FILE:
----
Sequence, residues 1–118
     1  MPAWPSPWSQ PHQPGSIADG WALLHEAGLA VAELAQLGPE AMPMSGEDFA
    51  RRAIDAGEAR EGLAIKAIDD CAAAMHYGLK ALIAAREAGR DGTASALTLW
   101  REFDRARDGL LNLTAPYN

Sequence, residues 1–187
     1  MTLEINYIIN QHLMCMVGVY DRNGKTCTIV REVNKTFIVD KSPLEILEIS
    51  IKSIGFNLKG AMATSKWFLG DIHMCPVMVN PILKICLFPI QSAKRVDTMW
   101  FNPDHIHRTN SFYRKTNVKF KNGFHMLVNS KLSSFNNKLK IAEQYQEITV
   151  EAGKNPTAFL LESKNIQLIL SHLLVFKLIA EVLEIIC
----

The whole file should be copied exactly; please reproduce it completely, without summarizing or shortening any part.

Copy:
Sequence, residues 1–118
     1  MPAWPSPWSQ PHQPGSIADG WALLHEAGLA VAELAQLGPE AMPMSGEDFA
    51  RRAIDAGEAR EGLAIKAIDD CAAAMHYGLK ALIAAREAGR DGTASALTLW
   101  REFDRARDGL LNLTAPYN

Sequence, residues 1–187
     1  MTLEINYIIN QHLMCMVGVY DRNGKTCTIV REVNKTFIVD KSPLEILEIS
    51  IKSIGFNLKG AMATSKWFLG DIHMCPVMVN PILKICLFPI QSAKRVDTMW
   101  FNPDHIHRTN SFYRKTNVKF KNGFHMLVNS KLSSFNNKLK IAEQYQEITV
   151  EAGKNPTAFL LESKNIQLIL SHLLVFKLIA EVLEIIC